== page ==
This event will explore will explore how immersive technology is being used to explore, design, capture and collaborate around built environments. If you are from the construction or property development industry or just have an interest in AR/VR or BIM, then this event is for you. We have great speakers, ideas and networking opportunities with VR and AR innovators, and you will also have the chance to get your hands on the demos.
We will be proudly showcasing:
Ben Reed from First Base, who are developing the new Edward Street Amex site, will share their insight into the state of play and possibilities for immersive tech within the sector, as well as, how it is starting to disrupt design, community engagement, sales, marketing and construction.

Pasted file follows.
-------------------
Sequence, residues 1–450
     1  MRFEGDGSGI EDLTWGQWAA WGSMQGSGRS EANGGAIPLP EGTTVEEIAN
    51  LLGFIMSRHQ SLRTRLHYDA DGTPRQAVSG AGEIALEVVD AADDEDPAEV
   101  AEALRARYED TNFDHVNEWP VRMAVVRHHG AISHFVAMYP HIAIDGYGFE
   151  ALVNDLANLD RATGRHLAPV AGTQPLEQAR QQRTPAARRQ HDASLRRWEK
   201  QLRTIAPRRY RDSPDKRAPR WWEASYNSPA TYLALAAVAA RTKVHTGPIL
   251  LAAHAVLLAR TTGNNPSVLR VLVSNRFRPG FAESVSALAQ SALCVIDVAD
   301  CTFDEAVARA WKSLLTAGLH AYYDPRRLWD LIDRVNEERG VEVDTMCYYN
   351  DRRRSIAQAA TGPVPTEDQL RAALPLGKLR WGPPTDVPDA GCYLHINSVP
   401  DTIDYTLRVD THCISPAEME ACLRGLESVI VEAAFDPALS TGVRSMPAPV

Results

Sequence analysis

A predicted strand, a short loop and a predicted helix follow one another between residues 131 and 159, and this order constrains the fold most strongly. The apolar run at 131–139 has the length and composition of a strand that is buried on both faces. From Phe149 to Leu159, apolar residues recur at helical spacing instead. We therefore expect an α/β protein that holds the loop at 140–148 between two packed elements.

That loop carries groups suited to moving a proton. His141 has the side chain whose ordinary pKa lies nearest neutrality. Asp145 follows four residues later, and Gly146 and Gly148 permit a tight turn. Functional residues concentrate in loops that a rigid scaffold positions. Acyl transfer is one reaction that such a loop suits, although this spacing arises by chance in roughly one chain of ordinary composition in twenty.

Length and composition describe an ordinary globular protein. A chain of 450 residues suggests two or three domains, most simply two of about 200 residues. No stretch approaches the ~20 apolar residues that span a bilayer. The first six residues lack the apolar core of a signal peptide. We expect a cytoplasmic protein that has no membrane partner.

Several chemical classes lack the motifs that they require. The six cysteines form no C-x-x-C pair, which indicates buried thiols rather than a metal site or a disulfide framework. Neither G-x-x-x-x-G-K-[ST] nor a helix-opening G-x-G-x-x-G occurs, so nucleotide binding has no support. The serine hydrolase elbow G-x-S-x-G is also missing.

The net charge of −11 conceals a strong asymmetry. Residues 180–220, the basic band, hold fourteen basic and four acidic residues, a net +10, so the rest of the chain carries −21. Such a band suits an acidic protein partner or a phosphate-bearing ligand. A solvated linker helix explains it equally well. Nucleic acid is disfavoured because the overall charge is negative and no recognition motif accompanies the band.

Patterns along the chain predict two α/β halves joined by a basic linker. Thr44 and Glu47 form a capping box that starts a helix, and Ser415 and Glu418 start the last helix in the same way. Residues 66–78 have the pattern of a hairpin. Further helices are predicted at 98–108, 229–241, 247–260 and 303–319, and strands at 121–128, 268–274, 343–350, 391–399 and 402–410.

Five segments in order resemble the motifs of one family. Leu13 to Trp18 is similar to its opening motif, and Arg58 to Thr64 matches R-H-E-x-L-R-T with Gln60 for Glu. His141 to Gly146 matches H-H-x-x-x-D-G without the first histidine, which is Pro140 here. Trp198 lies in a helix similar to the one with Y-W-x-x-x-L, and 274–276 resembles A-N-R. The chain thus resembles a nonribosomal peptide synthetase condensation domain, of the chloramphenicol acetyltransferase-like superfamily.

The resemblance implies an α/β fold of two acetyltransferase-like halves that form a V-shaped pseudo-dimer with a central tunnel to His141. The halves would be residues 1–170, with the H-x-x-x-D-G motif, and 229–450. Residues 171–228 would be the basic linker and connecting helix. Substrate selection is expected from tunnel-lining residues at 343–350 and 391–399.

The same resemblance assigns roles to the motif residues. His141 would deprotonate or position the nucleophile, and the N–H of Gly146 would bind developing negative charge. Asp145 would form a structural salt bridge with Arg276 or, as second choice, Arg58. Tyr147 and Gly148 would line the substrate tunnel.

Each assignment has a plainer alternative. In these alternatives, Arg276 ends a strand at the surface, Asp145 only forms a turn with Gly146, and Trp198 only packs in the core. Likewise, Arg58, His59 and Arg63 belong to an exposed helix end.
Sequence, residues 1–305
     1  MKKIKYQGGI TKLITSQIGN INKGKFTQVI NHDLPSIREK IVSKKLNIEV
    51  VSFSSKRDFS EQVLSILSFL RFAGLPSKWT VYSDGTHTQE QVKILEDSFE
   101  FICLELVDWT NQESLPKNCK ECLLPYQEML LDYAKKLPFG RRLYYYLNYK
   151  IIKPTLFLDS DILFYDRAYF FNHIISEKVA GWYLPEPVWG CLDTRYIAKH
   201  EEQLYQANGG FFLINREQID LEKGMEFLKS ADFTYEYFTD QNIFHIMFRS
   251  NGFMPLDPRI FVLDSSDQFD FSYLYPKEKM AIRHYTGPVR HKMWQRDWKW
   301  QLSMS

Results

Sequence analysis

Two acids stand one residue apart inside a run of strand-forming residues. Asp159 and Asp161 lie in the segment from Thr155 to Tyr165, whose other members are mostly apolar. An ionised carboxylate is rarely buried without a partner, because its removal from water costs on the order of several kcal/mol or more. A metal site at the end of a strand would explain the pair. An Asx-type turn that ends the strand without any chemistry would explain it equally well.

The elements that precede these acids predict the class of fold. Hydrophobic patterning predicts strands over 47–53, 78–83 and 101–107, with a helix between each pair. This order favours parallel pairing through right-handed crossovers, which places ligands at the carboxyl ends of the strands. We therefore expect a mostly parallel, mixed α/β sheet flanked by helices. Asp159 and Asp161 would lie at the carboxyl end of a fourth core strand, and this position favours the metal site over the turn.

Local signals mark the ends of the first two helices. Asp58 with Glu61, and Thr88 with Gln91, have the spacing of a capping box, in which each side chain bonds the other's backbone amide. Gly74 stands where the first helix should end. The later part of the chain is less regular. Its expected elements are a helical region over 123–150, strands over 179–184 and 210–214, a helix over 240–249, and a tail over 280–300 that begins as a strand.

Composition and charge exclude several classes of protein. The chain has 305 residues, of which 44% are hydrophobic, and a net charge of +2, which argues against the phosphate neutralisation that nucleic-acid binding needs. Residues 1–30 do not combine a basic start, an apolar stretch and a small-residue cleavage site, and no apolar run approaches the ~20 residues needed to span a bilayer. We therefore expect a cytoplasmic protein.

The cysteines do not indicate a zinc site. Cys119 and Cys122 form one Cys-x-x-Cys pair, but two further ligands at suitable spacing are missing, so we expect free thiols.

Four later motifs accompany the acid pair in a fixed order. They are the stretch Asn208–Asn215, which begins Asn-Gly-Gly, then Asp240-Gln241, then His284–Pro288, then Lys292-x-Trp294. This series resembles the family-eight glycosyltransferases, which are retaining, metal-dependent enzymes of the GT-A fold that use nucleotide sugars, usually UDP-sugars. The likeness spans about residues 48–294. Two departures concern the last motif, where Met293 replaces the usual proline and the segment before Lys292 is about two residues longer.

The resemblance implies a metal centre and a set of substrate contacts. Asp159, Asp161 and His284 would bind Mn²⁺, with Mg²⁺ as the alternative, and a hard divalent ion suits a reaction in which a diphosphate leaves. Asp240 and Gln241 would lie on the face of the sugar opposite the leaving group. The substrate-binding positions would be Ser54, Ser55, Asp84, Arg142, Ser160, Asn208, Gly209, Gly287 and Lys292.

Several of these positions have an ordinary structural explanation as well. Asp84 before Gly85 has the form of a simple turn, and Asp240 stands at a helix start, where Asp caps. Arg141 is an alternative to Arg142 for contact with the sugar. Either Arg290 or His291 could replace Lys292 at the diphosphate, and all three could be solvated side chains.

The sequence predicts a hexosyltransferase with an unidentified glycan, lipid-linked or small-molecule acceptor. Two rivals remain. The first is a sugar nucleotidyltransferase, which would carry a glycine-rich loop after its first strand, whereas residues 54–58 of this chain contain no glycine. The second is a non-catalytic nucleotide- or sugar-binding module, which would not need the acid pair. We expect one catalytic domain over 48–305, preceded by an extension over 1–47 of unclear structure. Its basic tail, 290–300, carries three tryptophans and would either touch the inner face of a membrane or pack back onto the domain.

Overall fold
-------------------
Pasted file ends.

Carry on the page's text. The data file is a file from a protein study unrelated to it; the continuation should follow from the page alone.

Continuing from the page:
Gareth Evans from LCE Architects, will describe how VR is being used in the early stages of a projects inception for design decisions and how this can be used for effective client/public engagement.
Head above the Cloud, will be demoing and talking about their interactive immersive "indoor Google street view" virtual environments, and how they enable you to share the spaces you design or manage.
Phillip Hunt from Mobikats will be demoing his VR telepresence app for Construction, Project Management and Health & Safety.
And finally, a Digital Catapult Brighton residents' collaboration involving LIDAR data capture and room reconstruction for VR.
To register to attend click here